Company can set aside property transfer under recent court decision.
The case arose out of a $15 million note given to Insilco by defendant Star Services, Inc. of Delaware, a company organized by Peter DeGeorge. When the note was about to come due, Star conveyed the Park Avenue property to PRD Holdings Inc., another DeGeorge company.
At the time of the transfer, the Park Avenue Property was subject to a mortgage, initially held by Westpac and subsequently assigned to Peter DeGeorge's brother. PRD took the Park Avenue Property free and clear, and Star had no assets to pay Insilco. Although Insilco obtained summary judgment against Star for payment of the note in 1999, for over $21 million, the judgment remains totally. unsatisfied to date.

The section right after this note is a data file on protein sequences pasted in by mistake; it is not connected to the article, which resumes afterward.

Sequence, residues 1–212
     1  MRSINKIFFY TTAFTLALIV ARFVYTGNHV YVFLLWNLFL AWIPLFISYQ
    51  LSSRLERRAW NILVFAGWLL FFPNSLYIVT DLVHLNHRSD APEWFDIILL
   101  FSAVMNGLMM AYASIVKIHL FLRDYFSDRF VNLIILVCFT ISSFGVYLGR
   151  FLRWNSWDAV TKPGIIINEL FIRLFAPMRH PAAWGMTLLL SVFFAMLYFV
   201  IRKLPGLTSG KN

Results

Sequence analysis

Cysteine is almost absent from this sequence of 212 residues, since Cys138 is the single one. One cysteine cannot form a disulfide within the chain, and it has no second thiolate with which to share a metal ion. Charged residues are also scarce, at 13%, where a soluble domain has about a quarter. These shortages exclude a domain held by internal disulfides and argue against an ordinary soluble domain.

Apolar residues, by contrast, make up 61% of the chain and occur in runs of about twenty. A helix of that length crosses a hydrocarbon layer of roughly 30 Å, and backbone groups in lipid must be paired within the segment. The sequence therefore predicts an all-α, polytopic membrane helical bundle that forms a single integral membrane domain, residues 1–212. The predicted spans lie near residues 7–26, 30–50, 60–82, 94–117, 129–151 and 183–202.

In this case, Insilco proved at trial that Star was insolvent at the time of the transfer, that the transfer was less than an arm's length transaction, made in bad faith, and that the consideration for the transfer was grossly inadequate.
Insilco also proved that the transfer was made with actual fraudulent intent. Based on these and other factors, the court found the transfer of the Park Avenue Property was both an actual and constructive fraud. As a result, the transfer will be set aside and subject to Insilco's claim.
The court reached the correct conclusion," said John P. McCahey, a litigation partner at Hahn & Hessen LLP, and counsel to Insilco in this case. "This was clearly a case where the defendant had transferred property for the purpose of avoiding its financial obligations. We are pleased with the result."
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|Publication:||Real Estate Weekly|
|Article Type:||Brief Article|
|Date:||Dec 4, 2002|
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